But I also learned that we have a lot of people supporting change, and that we can work together and make more people aware of the issues that are happening at our schools.

I didn’t expect our questions to be answered, I didn’t expect to feel fine with the whole program after an hour of “chatting.” But I also didn’t expect to feel ignored and for the issue to be sidestepped at every question.

For example, the question was asked, “What about free & reduced lunch students who can’t afford to buy additional food at school?”

The answer was, “Thornton: There are a number of programs available in schools to help meet dietary needs of kids during the school day.

Later they supplied this link for more information…it just includes the information we already have regarding school lunch, free and reduced-price meals and the school breakfast program. No additional resources, no new snack program, no real answer at all.

That was the way the majority of the hour went.

So where are we now? Well, we’re gaining support, spreading the word and making everyone aware of the short-comings of the new mandates in our lunchrooms. Our schools are being held hostage and our students are paying the ransom.

For more information, check out the Sensible School Lunches Facebook page and browse the information available there. Join in the conversation and share your tips and tricks for getting children the nutrients they need, while working through these restrictions.

School Lunch and Obesity: Part 2

Over the weekend I shared my thoughts on the school lunch issue. For those that may not know what I’m referring to, the USDA has put into place guidelines that school must follow in order to qualify for funding through the free and reduced-price meals program. Those guidelines include:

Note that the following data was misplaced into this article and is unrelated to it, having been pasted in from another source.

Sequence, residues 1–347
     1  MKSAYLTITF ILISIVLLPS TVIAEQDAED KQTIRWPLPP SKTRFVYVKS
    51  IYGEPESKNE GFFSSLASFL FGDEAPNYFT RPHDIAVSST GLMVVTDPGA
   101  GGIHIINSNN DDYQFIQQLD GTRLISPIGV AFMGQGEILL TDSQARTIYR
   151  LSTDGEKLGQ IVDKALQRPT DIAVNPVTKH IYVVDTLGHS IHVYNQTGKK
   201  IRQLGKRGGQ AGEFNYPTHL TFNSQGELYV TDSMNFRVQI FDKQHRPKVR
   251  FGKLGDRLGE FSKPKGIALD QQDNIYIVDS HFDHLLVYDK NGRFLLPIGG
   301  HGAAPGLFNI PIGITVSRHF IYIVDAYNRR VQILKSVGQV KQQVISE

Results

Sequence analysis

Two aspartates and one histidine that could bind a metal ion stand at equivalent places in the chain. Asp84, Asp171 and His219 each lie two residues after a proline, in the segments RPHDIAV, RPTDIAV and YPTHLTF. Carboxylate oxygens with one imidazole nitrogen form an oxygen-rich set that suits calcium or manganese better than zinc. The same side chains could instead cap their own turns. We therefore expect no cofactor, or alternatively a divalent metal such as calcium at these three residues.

So, where is my problem? My first response was an emotional one. I don’t believe some of the guidelines are fair and they definitely don’t take into consideration the different needs and requirements for different students. We don’t expect our children to all learn the same, so why do we expect them to eat the same?

First of all, let’s look at the meat/meat alternative issue. I have yet to meet anyone that has ever dealt with nutrition/weight loss issues that has not learned the importance of protein in your diet. According to dietary guidelines and a discussion with a dietician, my 105-pound, 5′ 1″ 8-year-old needs about 58 grams of protein per day. To clarify, “From the ages of 4 to 6, he needs 0.5 g per lb., decreasing to 0.45 g per pound between 7 and 14 years of age. Depending on his weight and daily calorie intake during these years, he may need to consume between 7 and 15 percent of his total calories as protein.” Read more: http://www.livestrong.com/article/519852-what-percentage-of-protein-do-children-need-each-day/#ixzz26vHPnKoF

He will receive roughly 14 grams through the school. (There are approximately 7 grams of protein per ounce of meat, and the school lunch will serve 1.5-2 oz.) That’s a lot to make up in the course of his meals at home.

And that’s not the only catch with protein. Animal protein and plant-based protein are two different things. For the essential amino acids, animal protein is a “complete” protein, meaning that it provides all that you need. Plant-based protein is “incomplete”, needing two to make one complete protein. It’s not a difference in how the body breaks it down, just how it’s used. If you aren’t using animal proteins, you just need more to get your essential amino acids. (Sound complicated? It is. Which is why I can’t even begin to understand why we would try to make this a one-size-fits-all type of diet. Our bodies don’t work that way.)